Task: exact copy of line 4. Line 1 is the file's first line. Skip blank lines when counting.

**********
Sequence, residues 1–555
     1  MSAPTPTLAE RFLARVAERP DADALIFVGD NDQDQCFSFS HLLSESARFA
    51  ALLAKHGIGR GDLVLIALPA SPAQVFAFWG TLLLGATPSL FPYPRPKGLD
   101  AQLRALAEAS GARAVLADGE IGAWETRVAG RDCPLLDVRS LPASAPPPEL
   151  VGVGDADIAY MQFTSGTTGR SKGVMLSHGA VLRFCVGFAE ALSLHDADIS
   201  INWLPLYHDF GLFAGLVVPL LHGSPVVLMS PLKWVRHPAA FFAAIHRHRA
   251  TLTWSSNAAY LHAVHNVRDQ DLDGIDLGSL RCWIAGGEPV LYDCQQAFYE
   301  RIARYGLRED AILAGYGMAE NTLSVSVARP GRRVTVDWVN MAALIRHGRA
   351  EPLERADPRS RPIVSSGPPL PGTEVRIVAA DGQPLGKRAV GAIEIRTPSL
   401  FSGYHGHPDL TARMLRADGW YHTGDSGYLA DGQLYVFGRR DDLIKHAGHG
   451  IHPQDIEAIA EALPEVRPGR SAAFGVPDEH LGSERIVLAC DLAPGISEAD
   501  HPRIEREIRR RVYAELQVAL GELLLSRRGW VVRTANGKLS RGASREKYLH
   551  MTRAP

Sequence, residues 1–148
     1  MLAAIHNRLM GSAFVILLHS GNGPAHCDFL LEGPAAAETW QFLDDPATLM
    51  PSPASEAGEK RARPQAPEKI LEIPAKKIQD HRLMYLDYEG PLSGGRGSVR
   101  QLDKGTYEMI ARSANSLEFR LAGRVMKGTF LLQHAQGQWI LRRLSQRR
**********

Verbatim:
   101  AQLRALAEAS GARAVLADGE IGAWETRVAG RDCPLLDVRS LPASAPPPEL